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8 Dec, 2018 17:52

Star attraction: How to catch the biggest meteor shower of the year

Star attraction: How to catch the biggest meteor shower of the year

The biggest meteor shower of the year takes place this month, providing us with an amazing spectacle in the night skies. RT has all the information you need to enjoy the celestial show.

The Geminids is an annual meteor shower that takes place in December, when the Earth passes through a mass of dusty debris that burns up in our atmosphere.

This results in a spectacular light show that looks as though hundreds of shooting stars are flying through the sky. The Geminids contain more mass than any other meteor shower and can include colors such as red, blue and yellow.

The dust debris comes from 3200 Phaethon, a strange rocky object that is referred to as an asteroid but which could be an extinct comet – scientists aren’t sure. Meteor showers tend to originate from comets, making the Geminids all the more unique.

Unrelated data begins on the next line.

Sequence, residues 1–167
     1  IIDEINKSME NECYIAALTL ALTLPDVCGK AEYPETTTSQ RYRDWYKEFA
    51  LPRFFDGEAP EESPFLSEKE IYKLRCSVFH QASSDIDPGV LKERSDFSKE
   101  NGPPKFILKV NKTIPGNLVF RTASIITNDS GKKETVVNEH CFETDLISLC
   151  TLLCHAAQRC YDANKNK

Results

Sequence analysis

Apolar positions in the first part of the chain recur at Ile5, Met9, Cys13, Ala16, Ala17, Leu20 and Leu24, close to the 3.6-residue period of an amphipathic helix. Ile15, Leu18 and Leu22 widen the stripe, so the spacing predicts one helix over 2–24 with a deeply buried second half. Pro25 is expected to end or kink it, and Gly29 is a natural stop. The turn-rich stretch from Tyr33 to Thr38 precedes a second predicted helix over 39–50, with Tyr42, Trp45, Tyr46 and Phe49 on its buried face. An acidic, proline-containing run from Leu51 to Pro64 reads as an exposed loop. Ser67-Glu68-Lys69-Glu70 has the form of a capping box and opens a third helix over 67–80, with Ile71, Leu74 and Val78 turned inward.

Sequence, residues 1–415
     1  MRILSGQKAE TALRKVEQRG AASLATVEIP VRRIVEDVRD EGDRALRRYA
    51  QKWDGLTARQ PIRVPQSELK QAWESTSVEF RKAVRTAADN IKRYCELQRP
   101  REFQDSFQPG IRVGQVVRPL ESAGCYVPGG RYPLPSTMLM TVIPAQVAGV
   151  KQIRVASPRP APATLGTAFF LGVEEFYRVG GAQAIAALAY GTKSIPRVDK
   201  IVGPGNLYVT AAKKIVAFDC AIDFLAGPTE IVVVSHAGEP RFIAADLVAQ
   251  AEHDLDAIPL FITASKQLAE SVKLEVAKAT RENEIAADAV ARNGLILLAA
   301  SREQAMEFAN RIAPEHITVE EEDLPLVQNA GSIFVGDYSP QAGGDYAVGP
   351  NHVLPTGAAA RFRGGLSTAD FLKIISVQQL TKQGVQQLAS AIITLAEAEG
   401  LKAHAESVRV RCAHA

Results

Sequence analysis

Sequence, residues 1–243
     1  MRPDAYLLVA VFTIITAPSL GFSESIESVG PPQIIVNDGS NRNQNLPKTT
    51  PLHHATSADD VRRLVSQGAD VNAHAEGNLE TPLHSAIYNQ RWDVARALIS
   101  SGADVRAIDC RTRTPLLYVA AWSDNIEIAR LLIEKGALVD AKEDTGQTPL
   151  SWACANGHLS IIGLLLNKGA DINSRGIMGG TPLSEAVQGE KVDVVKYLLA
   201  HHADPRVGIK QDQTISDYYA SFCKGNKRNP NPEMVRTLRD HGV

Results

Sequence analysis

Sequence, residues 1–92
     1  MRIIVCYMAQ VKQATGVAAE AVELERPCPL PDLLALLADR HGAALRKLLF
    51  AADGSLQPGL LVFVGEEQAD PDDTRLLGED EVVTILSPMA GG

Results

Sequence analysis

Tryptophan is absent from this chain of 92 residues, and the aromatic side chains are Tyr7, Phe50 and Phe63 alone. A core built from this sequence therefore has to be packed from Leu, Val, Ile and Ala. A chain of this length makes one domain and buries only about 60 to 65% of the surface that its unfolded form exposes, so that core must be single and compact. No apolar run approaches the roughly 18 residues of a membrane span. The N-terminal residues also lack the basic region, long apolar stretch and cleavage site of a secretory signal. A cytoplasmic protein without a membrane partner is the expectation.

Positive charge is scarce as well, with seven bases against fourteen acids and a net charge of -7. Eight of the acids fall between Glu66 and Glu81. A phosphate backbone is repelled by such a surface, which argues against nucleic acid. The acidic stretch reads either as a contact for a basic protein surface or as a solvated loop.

So, how can you watch this amazing show?

The Geminids start on December 4 and peak on December 13, 14 or 15, depending on what time zone you are watching from.

NASA recommends heading outside after 10:30pm, or when the moon has set, and finding the darkest possible spot to watch from. Those living in rural areas will be able to see the show more clearly than those in urban areas, so city dwellers keen to catch the event should consider a trip out of town.

After allowing your eyes to adjust for about 30 minutes, the Geminid meteors will start to appear overhead in clusters, with gaps in between each burst of visual delight.

By 2am, the meteors will increase to about 100 per hour in darker areas, with people living in suburbs expected to see 30-40 per hour, and people in cities seeing even fewer.

READ MORE: Listen to the sky: NASA reveals the sound of wind on Mars (AUDIO)

The Geminids is named after the Gemini star constellation. This is the point in the sky where the meteors appear to be coming from, known as the radiant. However, the meteors don’t actually come from here and will be visible all over the sky, NASA explains.

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